$400mn to be raised via asset sales

The portfolio review, first announced in 2017, has been completed and Sasol outlined a target of $2bn in proceeds from asset sales. Sasol believes it will achieve about 20% ($400mn or R5.8bn) of that $2bn target.

We have passed the peak capex years

Sasol has spent capital aggressively at the LCCP over the last couple of years. Over the next two years, capex should nearly halve from R56bn in FY19 to R30bn in FY21.

Figure 3: Sasol capital expenditure, Rbn

Source: Company reports

This reduction in capex will ease the cash burn of the last few years.

Figure 4: Free cash flow to the firm, Rbn

Source: Company reports

This will, in turn, ease the pressure on the balance sheet.

The independent review into the LCCP overruns are done

The big takeaways from the review are:

  • The joint CEOs have agreed to a mutual separation with Sasol.
  • Fleetwood Grobler (the current EVP, chemicals) will take over from them on 1 November 2019.
  • No previous financial statements need to be restated.
  • The cost overruns were due to the previous LCCP management team.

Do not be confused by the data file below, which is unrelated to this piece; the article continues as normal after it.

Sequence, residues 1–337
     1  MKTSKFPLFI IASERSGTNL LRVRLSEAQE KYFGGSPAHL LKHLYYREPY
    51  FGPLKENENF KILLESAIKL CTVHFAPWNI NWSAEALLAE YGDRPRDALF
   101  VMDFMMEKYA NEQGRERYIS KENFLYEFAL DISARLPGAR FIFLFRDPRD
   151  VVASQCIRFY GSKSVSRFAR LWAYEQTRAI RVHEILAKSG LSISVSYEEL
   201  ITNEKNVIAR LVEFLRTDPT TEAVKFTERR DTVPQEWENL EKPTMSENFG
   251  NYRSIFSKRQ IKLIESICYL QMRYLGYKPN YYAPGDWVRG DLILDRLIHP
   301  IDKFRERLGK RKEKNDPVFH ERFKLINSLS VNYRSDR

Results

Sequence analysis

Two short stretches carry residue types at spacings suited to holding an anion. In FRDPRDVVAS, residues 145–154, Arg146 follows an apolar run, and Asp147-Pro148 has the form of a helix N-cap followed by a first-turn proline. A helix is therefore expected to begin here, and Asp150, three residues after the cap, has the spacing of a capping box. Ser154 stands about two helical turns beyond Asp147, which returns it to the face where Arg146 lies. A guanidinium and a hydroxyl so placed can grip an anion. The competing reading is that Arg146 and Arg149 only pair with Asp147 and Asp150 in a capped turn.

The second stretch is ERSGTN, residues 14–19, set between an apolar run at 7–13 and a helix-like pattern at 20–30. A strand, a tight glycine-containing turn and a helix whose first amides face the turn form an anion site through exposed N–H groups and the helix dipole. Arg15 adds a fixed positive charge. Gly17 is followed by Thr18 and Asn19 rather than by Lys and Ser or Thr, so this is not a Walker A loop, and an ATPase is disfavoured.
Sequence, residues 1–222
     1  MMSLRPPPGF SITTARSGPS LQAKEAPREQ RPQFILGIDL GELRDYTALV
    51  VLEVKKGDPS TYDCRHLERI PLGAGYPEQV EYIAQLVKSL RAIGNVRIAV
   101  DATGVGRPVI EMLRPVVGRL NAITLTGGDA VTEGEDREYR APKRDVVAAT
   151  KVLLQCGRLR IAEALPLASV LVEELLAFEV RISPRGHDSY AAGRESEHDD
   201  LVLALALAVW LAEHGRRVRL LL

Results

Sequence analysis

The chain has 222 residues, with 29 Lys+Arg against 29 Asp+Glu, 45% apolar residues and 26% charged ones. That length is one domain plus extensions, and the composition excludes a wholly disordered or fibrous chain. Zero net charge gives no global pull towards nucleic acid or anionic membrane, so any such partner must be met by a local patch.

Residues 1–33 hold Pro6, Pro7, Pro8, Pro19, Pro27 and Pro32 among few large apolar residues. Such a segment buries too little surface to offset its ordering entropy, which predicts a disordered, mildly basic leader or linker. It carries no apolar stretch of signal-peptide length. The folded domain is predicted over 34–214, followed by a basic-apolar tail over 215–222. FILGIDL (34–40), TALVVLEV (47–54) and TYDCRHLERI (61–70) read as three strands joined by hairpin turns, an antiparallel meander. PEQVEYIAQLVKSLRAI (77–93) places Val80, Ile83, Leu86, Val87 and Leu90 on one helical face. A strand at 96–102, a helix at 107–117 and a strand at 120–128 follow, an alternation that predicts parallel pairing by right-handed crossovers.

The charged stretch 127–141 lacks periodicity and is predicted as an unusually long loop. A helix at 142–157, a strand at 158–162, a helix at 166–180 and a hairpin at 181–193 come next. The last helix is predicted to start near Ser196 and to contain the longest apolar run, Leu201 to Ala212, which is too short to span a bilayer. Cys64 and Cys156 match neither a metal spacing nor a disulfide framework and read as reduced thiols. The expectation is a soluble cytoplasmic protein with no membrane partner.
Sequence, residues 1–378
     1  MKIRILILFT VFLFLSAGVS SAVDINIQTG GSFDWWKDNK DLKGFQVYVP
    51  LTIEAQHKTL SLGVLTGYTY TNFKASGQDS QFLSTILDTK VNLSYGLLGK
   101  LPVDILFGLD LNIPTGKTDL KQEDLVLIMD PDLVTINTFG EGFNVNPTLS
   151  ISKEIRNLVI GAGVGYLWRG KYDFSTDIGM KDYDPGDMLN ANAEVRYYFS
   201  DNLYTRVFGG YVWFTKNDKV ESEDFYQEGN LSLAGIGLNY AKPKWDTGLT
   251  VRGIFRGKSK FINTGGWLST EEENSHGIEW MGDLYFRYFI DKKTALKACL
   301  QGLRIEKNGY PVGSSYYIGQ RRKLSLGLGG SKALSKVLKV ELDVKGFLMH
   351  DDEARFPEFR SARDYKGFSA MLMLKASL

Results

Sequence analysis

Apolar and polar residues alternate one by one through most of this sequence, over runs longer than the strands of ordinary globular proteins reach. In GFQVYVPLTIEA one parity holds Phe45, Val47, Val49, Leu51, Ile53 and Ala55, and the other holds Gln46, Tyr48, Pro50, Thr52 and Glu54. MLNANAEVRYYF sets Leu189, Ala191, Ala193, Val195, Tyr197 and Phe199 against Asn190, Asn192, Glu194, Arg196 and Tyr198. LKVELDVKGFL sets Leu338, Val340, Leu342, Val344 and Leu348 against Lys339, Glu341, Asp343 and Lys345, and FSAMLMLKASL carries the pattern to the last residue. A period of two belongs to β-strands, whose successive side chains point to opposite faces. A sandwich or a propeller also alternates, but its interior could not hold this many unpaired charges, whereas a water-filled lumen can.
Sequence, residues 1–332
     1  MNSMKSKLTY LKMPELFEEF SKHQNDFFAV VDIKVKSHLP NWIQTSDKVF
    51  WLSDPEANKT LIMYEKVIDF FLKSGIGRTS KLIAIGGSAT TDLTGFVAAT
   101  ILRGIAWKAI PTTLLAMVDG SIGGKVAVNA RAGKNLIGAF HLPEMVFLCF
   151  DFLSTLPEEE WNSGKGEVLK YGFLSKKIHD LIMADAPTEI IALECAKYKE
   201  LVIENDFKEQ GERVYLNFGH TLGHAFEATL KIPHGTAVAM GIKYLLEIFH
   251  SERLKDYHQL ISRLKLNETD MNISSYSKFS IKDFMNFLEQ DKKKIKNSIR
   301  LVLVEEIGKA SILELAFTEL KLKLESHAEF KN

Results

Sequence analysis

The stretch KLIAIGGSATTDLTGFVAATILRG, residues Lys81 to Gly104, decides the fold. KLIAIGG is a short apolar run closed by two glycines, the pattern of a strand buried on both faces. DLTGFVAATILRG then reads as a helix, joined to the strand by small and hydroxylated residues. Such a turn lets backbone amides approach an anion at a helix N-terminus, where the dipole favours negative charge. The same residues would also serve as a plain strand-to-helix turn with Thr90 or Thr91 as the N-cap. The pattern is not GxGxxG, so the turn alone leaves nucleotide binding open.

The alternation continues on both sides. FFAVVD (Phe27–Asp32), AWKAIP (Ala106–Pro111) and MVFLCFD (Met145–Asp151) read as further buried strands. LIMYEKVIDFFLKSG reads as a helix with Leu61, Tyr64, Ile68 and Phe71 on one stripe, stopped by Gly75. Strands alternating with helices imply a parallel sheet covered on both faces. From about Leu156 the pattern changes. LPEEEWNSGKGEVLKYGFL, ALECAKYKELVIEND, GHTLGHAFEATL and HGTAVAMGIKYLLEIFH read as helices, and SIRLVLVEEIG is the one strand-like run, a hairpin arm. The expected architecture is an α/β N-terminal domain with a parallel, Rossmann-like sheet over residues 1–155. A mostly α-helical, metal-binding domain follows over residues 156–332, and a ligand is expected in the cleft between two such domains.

• The team’s conduct was, “inappropriate, lacked competence and was not transparent”, but there isn’t enough evidence to conclude that the individuals, “acted with an intent to defraud”.

Why the big difference between HEPS and core HEPS?

Figure 5: Core headline EPS reconciliation

Source: Sasol

At what do we value Sasol?

Figure 6 below uses a R35 estimate for FY20 HEPS from the existing business (i.e. ex-LCCP). Sasol’s forward P/E has averaged 9.6x over the past 10 years (see Figure 7 below). If that multiple is applied to the existing business (the third column in Figure 6), then we can value the business at R389/share (c. 30% upside from Monday’s close).

Figure 6: Valuation outlook

Source: Bloomberg, Anchor.

Figure 7: Forward PE history

Source: Bloomberg, Anchor.

Some may feel that a lower multiple is justified going forward, due to ESG concerns, poor capital allocation and perhaps a weak macro outlook. However, applying an 8.0x fwd PE to the existing business translates to R325/share (11% upside from Monday’s closing price).

Figure 8: Valuation outlook

Source: Bloomberg, Anchor.

We note that the answer regarding the lower multiple is probably somewhere between the historical 9.6x and a lower multiple such as, for example, 8.0x (an average of the two suggests 20.5% upside).

LCCP valuation

The R45/share value for LCCP is derived by taking an estimate of LCCP’s FY22 EPS of ~ R5.82 …

Figure 9: LCCP valuation

Source: Bloomberg, Anchor.

And discounting it back to today at 10%.

Figure 10: FY22 LCP earnings, $mn except per share

Source: Bloomberg, Anchor.

The R5.82/share LCCP FY22 EPS applies a 25% cut to Sasol’s guidance ($750mn instead of the guided $1bn). If Sasol achieves its FY22 EBITDA guidance, investors can justify a R79/share valuation for LCCP.

Figure 11: FY22 LCP earnings, $mn except per share

Source: Bloomberg, Anchor.